UBC Faculty Research and Publications

Survival benefit of a low ratio of visceral to subcutaneous adipose tissue depends on LDL clearance versus production in sepsis Lee, Joseph G H; Genga, Kelly R; Pisitsak, Chawika; Boyd, John H; Leung, Alex K K; Russell, James A; Walley, Keith R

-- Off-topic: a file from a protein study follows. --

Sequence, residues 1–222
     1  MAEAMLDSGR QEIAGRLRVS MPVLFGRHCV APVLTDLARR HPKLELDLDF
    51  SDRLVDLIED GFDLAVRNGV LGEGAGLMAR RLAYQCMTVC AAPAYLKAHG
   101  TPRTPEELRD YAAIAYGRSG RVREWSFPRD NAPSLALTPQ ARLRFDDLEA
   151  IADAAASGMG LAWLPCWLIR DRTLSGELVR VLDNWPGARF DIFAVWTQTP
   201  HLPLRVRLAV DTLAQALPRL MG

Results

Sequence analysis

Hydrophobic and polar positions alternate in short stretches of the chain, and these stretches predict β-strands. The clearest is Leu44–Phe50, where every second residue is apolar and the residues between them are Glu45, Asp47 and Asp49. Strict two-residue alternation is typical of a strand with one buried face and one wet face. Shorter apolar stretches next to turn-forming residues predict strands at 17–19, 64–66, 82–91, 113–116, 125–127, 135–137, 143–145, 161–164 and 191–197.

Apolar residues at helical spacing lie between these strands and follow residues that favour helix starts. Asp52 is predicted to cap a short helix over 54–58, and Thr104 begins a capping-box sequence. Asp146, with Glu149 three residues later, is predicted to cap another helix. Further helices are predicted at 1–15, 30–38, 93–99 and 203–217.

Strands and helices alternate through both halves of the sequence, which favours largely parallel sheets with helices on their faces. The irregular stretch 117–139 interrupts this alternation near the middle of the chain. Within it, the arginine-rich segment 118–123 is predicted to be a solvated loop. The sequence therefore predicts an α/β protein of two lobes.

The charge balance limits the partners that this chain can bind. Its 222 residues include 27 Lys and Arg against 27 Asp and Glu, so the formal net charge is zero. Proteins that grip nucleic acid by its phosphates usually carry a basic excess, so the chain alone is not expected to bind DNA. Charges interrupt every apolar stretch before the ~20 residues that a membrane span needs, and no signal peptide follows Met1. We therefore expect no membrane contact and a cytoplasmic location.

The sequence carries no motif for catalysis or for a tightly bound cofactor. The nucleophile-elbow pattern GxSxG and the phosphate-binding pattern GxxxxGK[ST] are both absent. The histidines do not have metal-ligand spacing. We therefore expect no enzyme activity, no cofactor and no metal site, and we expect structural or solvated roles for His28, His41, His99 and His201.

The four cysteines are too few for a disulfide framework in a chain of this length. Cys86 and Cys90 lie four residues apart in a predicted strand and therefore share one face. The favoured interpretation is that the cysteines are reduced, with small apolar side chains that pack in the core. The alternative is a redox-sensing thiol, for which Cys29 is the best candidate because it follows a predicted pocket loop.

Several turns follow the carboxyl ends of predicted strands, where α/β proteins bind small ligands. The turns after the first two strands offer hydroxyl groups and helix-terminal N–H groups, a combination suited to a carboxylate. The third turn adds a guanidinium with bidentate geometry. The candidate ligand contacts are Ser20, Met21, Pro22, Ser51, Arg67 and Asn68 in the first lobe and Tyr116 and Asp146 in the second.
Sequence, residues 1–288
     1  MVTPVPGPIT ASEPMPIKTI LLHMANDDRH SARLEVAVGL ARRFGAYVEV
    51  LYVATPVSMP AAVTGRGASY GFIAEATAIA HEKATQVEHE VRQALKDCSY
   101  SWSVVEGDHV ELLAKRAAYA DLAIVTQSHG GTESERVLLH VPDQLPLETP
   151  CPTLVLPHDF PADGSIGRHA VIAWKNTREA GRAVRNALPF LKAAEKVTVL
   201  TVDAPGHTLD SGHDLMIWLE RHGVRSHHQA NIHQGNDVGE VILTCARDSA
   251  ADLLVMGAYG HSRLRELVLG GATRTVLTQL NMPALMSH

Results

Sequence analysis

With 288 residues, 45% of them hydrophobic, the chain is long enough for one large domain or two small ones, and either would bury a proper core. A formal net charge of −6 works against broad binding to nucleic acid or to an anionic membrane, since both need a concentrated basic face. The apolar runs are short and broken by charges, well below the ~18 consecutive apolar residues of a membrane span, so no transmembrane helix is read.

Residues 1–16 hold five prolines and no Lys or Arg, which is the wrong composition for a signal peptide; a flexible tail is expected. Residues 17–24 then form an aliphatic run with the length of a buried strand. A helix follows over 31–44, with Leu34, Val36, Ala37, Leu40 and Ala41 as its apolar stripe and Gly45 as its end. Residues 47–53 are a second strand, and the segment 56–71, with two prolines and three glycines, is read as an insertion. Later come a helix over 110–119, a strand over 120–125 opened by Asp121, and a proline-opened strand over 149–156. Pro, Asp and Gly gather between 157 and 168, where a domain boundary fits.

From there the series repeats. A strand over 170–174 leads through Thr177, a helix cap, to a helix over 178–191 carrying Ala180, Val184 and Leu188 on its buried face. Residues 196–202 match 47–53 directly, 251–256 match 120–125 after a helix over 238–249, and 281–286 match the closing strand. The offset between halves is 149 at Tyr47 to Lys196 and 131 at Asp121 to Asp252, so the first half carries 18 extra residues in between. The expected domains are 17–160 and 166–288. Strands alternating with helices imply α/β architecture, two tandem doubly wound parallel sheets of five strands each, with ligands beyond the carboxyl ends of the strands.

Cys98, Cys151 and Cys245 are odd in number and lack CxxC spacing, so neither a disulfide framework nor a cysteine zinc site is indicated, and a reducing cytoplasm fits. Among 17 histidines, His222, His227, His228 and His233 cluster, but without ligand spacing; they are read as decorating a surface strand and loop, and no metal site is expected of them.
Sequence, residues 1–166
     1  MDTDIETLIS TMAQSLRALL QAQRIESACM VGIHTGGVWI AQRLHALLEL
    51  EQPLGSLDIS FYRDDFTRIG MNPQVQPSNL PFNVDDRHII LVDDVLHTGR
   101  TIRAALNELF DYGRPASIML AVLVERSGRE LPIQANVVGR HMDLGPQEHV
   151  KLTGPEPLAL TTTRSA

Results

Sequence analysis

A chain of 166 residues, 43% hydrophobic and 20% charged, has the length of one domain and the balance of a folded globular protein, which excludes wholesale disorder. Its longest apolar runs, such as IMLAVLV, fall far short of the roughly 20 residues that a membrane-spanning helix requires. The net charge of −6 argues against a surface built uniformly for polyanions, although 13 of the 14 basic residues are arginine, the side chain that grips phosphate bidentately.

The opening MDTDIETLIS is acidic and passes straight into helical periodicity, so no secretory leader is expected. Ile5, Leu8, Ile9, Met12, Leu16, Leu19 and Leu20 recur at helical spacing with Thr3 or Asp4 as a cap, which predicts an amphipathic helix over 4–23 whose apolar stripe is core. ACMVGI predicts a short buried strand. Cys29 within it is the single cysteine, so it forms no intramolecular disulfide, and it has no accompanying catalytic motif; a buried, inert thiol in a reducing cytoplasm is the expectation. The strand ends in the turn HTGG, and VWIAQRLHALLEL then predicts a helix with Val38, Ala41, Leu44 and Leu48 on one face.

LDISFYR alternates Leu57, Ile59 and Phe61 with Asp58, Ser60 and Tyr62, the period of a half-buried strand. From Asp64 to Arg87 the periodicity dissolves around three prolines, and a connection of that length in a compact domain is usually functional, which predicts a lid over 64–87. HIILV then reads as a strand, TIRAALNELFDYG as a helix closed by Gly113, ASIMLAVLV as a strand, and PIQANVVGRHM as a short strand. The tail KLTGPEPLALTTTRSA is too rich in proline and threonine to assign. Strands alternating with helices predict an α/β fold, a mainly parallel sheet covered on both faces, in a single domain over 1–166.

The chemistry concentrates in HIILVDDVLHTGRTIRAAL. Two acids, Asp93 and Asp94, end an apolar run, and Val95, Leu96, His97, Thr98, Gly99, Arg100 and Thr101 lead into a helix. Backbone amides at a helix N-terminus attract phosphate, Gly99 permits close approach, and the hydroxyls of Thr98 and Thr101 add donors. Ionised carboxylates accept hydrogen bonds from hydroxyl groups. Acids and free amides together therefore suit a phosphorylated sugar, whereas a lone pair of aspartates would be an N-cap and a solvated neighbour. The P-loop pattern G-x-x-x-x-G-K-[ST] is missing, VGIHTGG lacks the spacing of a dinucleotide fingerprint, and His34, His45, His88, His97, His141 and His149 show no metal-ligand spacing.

Background: Patients with sepsis with a high ratio of visceral adipose tissue (VAT) to subcutaneous adipose tissue (SAT) have increased mortality. Our goal was to investigate the mechanism of this effect, noting that low LDL levels are also associated with increased sepsis mortality. Accordingly we tested for association between VAT/SAT, low-density lipoprotein (LDL) levels, and mortality. Then we examined the effect of statin treatment, which decreases LDL production, and the effect of PCSK9 genotype, which increases LDL clearance. Methods: We performed retrospective analysis of a cohort of patients with sepsis from a tertiary care adult intensive care unit in Vancouver, Canada, who underwent abdominal computed tomography (CT) (n = 75) for clinical reasons. We compared LDL levels in patients with sepsis according to high versus low VAT/SAT and 90-day survival. We next examined the effects of statin therapy and PCSK9 loss-of-function genotype on survival. Results: Patients with a low VAT/SAT had increased 90-day survival and were relatively protected against low LDL levels in sepsis compared to high VAT/SAT. Statin treatment abrogated the beneficial effects of low VAT/SAT; eliminating the difference in LDL levels and survival between patients with low and high VAT/SAT. PSCK9 loss-of-function genotype similarly eliminated the increased LDL levels in low VAT/SAT patients but, in contrast, increased the survival advantage of low VAT/SAT compared to high VAT/SAT. Conclusions: Low LDL levels per se are not simply associated with decreased sepsis survival because lowering LDL levels by inhibiting LDL production (statin treatment) is associated with adverse outcomes, while increased LDL clearance (PCSK9 loss-of-function genotype) is associated with improved outcomes in patients with low VAT/SAT.

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